James Foster Under pressure from the EU, the government has reclassified registered social landlords as public bodies. The ramifications for procurement are far-reaching

The government announced on 10 September that it had accepted the European Commission’s view that Registered Social Landlords (RSLs) are “public bodies” for the purposes of EU procurement rules. What will this mean for RSLs and the contractors who work with them?

The EU rules in question say that contracts for services, supplies and works above a certain value have to be advertised throughout the EC – the so-called “call for competition”.

The rules, though, only apply to public bodies – the test being whether the organisation in question is “governed by public law”. Local authorities and urban development corporations have had to comply with these rules for some time. Until recently, though, the UK had taken a view that RSLs were not public bodies and so did not have to comply with the EU competition regime. Now RSLs are in the frame.

The background is as follows: in 2001, a European Court judgment brought low-rent housing bodies operating in France within the definition of public bodies. The case centred on whether the housing bodies were subject to “management supervision” by the public authorities that regulated them (one of the tests for deciding whether an organisation is a public body is whether it is subject to management supervision by another public authority). In this case the French regulating authorities had a number of powers over the low-rent housing bodies, and the European Court took the view that these powers meant that the authorities had permanent supervision of the French housing bodies and that they were therefore public bodies subject to the EU procurement rules.

Then, in December 2003, the European Commission announced that it had decided to take infringement proceedings against the UK because contracts awarded by RSLs were not being tendered in accordance with directives. In other words, the European Commission took the view that RSLs were public bodies.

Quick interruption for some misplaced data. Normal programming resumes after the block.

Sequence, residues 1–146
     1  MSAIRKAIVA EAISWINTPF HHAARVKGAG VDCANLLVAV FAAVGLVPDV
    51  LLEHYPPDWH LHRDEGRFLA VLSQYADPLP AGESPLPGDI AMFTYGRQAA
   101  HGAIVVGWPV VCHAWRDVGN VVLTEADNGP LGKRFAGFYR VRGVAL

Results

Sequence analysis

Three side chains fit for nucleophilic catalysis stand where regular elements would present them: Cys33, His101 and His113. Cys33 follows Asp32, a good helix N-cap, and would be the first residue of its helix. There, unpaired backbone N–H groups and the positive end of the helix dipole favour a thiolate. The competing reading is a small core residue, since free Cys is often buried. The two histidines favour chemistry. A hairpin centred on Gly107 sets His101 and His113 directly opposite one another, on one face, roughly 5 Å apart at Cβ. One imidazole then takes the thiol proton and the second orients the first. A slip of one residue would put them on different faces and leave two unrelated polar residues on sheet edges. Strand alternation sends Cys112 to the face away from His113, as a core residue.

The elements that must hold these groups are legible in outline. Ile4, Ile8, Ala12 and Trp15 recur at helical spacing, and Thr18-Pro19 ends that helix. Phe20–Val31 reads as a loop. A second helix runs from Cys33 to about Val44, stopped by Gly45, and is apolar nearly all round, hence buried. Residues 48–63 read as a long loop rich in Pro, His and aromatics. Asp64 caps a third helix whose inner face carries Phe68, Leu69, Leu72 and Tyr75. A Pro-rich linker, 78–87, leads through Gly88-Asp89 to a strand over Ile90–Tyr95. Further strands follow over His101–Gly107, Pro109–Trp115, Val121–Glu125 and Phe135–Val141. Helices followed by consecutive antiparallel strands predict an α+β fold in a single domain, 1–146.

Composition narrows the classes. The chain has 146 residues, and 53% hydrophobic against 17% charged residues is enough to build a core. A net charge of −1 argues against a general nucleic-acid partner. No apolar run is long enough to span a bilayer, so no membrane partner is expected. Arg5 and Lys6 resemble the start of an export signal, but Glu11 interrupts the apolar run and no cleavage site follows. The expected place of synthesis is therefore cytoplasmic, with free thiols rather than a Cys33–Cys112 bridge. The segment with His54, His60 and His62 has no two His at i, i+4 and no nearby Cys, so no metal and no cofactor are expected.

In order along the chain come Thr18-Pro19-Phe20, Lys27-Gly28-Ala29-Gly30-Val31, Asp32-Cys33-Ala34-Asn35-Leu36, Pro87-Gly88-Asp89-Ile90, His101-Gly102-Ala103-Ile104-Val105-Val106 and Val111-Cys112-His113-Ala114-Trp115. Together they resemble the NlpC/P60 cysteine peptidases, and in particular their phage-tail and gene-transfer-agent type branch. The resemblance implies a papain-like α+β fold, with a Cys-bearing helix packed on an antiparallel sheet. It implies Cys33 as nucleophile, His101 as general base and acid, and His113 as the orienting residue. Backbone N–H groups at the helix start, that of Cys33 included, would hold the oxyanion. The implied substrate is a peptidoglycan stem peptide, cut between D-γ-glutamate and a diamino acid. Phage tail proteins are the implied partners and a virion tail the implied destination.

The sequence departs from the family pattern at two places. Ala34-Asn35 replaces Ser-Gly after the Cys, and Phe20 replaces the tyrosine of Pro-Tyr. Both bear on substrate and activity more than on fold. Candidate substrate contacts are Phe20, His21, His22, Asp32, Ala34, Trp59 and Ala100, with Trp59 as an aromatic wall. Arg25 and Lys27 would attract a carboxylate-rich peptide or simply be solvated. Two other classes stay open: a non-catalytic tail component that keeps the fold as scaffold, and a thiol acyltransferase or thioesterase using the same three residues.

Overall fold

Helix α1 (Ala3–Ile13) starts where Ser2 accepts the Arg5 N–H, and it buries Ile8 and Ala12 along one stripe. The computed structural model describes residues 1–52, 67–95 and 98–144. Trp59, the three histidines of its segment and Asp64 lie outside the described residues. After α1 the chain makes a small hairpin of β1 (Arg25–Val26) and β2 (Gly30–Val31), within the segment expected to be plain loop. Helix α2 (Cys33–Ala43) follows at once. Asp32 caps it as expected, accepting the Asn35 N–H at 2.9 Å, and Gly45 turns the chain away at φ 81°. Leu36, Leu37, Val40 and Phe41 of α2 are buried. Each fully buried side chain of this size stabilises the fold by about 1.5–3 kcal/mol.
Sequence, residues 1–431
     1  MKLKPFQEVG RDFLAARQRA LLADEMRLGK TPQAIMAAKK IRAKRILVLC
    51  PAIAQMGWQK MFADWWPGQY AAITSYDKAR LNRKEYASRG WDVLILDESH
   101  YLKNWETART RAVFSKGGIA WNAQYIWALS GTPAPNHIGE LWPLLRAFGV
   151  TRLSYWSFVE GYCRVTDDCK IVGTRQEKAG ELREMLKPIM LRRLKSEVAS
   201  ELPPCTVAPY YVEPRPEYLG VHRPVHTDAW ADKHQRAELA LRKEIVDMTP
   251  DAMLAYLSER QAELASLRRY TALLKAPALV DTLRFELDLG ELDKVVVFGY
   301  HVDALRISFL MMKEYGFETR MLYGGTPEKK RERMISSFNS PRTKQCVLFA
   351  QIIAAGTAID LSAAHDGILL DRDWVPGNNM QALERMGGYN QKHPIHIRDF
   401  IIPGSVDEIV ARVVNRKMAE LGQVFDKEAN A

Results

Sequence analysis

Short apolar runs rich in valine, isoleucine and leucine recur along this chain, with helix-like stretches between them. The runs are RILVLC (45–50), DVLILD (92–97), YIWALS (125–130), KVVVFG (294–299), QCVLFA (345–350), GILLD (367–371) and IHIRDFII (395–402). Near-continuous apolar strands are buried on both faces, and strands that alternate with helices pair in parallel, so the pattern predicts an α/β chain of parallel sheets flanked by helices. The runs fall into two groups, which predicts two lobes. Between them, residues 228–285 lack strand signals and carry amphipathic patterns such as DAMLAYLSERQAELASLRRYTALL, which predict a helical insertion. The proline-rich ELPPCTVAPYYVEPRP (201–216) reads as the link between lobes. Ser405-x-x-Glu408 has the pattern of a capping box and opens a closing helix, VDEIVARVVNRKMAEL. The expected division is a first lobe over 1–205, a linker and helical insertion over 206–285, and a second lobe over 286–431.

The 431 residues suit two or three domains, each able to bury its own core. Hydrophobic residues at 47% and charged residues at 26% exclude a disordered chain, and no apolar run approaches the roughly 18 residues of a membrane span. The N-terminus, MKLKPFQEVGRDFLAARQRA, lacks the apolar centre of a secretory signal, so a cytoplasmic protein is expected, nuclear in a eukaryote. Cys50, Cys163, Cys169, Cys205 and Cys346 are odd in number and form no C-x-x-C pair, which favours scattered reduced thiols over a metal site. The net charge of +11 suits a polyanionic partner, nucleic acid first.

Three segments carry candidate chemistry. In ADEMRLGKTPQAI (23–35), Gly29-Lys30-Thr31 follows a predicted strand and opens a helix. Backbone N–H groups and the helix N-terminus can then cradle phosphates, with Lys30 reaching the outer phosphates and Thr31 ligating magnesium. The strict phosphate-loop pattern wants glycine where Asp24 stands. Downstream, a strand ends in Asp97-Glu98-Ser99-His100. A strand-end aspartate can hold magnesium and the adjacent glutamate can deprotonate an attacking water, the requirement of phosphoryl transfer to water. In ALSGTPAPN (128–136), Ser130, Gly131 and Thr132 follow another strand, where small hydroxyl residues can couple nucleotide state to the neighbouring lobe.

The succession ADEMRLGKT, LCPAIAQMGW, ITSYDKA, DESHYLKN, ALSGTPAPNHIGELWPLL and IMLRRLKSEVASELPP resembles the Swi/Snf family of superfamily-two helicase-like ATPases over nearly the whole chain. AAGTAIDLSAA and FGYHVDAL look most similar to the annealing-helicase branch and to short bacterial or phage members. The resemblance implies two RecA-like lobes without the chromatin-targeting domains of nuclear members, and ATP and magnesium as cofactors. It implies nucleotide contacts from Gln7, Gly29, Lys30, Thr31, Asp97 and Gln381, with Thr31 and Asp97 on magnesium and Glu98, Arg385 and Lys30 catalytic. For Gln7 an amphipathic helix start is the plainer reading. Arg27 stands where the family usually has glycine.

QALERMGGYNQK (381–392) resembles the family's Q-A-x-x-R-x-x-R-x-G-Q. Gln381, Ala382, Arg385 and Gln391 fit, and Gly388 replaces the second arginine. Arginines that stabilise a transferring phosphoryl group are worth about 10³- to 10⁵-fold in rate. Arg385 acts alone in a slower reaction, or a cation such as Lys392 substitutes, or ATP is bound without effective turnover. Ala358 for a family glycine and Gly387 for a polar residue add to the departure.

The commission’s thinking was that RSLs are regulated by the Housing Corporation, which, arguably, has even greater powers over RSLs than its counterpart in France has over housing bodies there. The UK has now surrendered and conceded that RSLs are public bodies. The upshot is that RSLs will, in future, have to advertise relevant contracts for services, supplies and works above the specified value threshold and comply with the procurement rules.

The practical consequence of this is that every planned contract for works or services will now have to be reviewed to see if the rules apply or whether the contract falls within one of the exceptions. RSLs will have to factor in an appropriate time frame to undertake the necessary advertising, selection and bidding processes. These involve strict timetables and obligations on RSLs and the contractors that work with them, which will now have to accept the sometimes inflexible approach that the EU regime brings to procurement.

RSLs must also consider whether they can continue with existing partnering arrangements with suppliers and consultants. Partnering has been encouraged in construction procurement but the EU procurement regime may conflict with existing partnering arrangements in some areas, particularly long-term or “strategic” partnering contracts. This will give rise to a new breed of framework agreements, although these will need to be structured to take account of EU directives in this area.

Another likely change in the social housing area, contained in the Housing Bill, will be the availability to the private sector of funding from the Housing Corporation for schemes which include an element of social housing. Depending on the circumstances of each project, private-sector housebuilders may well fall outside the EU procurement regime.

This will allow them to be more flexible in their procurement, which may give them a competitive advantage over RSLs. On the other hand, private housebuilders involved with social housing may have less experience of procurement on a partnering basis (or the requirements of the EU procurement regime) and this, in turn, will encourage greater use of “golden brick” contractual arrangements.